U.S. and EU drug regulators called upon Indian drug companies to step up efforts to improve manufacturing standards and ensure the reliability of data if it is to maintain its dominance in the generic drugs industry.
India’s $15 billion pharmaceutical industry, an increasingly important global supplier of cheaper generic medicines, has been dogged by concerns over quality issues after the U.S. Food and Drug Administration banned a series of factories from producing medicines for the United States due to inadequate standards.
The European Medicines Agency (EMA), and the UK’s Medicines and Health Regulatory Authority (MHRA) also barred some Indian plants from producing drugs for their markets.
Officials from the U.S., EU and UK regulators said they plan to increase the number of inspections in India, and are pushing for better cooperation between Indian authorities and companies as well as improved training for staff.
Some Indian companies are still not taking enough steps to identify risks and failures at their firms, said Russell Wesdyk, director of the office of surveillance at the FDA.
There is also a need to create a culture where employees can report bad news to their bosses, said Gerald Heddell, the UK MHRA’s director of inspection enforcement and standards.
“There is a great respect for authority in India, but it can become a weakness if people close their minds and only listen to that authority, instead of doing the right thing.”
India supplies about 33 percent of the medicines sold in the United States, and nearly a quarter sold in the UK, according to a report released on Tuesday by the largest Indian pharma lobby group, the Indian Pharmaceutical Alliance (IPA).
Complaints from regulators have ranged from issues over hygiene and maintenance to concerns over falsifying manufacturing-related tests results and data.
Indian companies have said they have been working on improving their manufacturing standards by bringing in third-party auditors, training staff, and automating their systems.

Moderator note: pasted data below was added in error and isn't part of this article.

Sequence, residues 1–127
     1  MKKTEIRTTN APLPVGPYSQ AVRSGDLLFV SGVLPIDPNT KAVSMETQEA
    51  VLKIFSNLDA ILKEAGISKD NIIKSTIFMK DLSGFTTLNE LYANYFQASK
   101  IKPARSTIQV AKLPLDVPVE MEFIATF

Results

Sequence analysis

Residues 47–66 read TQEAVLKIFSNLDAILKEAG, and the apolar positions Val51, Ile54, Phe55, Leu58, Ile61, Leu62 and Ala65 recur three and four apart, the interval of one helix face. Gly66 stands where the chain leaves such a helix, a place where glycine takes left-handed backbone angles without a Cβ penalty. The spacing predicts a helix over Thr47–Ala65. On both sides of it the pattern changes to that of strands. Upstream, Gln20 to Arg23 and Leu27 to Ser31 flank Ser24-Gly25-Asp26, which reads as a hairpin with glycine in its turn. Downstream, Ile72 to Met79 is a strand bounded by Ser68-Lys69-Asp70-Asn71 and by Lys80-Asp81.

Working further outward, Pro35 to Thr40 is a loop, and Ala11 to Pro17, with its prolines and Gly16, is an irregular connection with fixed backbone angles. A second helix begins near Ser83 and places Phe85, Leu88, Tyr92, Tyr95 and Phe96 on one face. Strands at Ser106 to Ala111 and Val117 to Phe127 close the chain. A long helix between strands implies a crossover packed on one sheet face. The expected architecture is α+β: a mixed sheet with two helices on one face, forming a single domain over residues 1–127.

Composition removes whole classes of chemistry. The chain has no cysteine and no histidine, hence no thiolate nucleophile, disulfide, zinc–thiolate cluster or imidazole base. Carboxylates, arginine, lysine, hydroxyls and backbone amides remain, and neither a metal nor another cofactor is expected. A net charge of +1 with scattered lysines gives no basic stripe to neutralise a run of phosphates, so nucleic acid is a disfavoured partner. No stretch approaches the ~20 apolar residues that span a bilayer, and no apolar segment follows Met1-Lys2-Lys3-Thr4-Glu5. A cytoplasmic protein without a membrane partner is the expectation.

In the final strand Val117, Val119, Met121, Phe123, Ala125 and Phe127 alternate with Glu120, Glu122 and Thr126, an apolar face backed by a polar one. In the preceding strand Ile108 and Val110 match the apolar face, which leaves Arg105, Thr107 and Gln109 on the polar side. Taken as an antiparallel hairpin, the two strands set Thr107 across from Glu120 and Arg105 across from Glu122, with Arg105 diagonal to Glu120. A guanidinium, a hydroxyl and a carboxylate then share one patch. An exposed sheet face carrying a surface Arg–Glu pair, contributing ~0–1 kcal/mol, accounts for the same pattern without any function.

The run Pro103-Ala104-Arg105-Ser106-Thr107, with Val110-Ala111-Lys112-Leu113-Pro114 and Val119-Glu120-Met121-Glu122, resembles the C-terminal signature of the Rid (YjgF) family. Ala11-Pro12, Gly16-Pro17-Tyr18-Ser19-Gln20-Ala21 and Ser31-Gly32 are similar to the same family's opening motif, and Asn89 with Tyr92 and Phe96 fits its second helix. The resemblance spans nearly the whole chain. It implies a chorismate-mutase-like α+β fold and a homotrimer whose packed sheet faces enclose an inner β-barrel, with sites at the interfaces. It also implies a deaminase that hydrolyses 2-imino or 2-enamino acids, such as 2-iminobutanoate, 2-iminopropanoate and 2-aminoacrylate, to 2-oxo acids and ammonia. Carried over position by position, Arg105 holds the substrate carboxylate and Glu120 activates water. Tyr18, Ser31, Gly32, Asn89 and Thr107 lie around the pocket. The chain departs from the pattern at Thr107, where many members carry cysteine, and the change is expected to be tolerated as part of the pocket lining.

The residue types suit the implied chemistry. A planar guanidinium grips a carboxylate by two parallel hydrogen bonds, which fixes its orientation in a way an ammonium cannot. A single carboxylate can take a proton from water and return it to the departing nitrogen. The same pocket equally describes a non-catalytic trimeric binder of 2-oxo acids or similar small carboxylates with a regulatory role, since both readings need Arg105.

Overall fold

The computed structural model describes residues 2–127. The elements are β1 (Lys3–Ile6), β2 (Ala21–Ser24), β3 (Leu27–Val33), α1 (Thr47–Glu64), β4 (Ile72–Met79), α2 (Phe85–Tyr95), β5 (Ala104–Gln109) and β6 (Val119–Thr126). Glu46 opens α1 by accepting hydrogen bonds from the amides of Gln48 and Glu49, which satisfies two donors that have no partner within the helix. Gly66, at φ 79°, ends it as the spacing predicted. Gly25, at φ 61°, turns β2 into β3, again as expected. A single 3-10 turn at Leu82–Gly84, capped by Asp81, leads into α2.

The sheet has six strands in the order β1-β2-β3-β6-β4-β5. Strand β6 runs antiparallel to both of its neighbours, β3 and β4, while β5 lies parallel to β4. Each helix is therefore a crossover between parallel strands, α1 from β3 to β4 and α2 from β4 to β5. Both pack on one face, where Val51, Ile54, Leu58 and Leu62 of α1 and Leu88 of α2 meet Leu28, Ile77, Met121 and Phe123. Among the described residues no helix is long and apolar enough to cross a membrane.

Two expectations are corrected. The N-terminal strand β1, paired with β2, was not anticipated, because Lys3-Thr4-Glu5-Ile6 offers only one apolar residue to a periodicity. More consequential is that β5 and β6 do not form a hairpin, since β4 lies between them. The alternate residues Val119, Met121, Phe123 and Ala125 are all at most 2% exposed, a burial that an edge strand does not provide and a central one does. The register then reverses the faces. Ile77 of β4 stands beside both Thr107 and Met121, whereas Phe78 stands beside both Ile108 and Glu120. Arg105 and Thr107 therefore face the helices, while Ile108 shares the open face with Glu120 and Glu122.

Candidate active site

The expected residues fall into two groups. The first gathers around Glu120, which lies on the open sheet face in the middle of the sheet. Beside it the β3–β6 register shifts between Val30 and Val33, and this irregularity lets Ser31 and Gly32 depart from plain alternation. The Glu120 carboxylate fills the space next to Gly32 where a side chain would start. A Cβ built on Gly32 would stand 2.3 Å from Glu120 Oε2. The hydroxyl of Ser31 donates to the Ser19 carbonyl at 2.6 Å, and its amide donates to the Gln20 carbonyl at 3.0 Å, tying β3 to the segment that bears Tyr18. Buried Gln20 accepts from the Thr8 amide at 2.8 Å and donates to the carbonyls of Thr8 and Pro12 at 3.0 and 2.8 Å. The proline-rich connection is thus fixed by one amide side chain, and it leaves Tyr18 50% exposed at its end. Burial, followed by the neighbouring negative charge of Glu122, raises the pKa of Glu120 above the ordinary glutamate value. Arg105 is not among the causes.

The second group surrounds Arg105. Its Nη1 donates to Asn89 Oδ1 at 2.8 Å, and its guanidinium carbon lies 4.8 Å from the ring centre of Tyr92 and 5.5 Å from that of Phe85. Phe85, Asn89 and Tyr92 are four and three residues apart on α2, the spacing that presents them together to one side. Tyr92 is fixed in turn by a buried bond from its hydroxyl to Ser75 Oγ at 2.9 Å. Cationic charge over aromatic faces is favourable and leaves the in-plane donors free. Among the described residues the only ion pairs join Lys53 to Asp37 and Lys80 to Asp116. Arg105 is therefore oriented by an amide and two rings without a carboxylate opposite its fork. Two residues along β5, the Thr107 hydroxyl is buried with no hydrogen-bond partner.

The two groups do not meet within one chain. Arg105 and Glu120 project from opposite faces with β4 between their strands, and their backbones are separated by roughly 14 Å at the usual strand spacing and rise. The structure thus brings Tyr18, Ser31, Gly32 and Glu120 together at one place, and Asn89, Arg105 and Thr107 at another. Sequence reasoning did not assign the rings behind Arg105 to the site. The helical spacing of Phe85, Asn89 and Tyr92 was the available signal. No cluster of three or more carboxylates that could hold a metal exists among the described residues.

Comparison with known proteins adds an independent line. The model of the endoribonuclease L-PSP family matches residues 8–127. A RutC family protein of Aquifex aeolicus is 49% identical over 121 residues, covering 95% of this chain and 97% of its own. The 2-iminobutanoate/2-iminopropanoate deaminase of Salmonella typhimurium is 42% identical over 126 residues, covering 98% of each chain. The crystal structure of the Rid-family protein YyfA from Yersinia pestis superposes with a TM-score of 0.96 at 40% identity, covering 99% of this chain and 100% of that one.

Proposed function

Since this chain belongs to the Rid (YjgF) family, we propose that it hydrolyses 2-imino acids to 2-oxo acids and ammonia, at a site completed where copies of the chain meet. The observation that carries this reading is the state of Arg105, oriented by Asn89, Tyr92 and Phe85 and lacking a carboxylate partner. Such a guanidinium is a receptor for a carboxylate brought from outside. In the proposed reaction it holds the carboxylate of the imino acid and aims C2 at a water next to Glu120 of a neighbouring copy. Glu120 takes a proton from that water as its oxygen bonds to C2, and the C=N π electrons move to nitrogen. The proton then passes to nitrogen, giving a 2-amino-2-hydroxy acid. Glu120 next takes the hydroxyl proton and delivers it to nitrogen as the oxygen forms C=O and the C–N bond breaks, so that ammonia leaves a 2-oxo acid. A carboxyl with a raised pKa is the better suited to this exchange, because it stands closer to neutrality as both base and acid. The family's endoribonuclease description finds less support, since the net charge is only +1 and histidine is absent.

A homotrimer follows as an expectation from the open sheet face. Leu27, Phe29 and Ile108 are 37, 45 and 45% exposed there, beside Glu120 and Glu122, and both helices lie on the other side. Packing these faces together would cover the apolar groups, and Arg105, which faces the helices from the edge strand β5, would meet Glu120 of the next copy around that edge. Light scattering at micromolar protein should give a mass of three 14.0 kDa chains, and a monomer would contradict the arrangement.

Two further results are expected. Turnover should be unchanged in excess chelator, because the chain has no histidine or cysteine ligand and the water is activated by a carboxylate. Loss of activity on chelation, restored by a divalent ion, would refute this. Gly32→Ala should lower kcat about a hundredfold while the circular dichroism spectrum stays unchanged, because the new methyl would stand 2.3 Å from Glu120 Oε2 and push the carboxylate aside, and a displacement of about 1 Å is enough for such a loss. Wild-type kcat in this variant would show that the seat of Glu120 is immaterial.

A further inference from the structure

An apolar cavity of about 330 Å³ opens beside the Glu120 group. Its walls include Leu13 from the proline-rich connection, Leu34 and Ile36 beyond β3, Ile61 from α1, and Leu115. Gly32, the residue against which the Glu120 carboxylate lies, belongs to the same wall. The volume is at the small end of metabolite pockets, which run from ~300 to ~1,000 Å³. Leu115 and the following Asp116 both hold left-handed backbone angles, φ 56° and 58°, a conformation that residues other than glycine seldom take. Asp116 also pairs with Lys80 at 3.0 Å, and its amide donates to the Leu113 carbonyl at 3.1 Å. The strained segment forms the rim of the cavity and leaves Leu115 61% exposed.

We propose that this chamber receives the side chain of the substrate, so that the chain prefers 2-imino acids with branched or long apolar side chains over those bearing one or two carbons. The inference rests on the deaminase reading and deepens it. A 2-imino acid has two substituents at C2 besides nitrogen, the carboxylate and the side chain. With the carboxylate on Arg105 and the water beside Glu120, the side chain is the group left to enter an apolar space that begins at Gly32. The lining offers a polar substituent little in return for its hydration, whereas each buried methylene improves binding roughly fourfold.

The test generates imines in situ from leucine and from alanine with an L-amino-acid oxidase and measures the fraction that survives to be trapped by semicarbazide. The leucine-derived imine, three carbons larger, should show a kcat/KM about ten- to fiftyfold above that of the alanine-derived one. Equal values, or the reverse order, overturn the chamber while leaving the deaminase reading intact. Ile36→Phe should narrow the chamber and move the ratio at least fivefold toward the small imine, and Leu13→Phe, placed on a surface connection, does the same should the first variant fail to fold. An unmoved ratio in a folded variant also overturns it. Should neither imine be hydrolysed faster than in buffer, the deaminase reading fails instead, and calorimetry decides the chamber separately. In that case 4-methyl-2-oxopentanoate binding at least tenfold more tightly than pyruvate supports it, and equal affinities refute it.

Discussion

The bosses of India’s largest drugmakers, including Sun Pharmaceutical Industries Ltd, Dr Reddy’s Laboratories Ltd, Lupin Ltd and Cadila Healthcare Ltd stood by those commitments on Tuesday.
Sun’s founder Dilip Shanghvi said he expected to automate systems at all of the company’s manufacturing plants in the next three to four years.
Efforts by some Indian companies in the last couple of years to improve compliance have been “very impressive”, said Thomas Cosgrove, director at the FDA’s office of manufacturing quality.
Yet, many are lagging behind and need to do more, he said, especially in ensuring that data is not compromised.
“Data integrity really sounds off alarm bells for us … if you see data integrity on the surface, there is likely a lot going on underneath,” Cosgrove said.
The regulators said that it was critical that Indian companies ensure they follow quality standards, especially as they aspire to make original medicines and more complex products such as biosimilars.
“Generics is only one part,” said Shanghvi, whose Sun is also the world’s fifth-biggest generic drugs maker. “We need to think about how we can transform into global players.”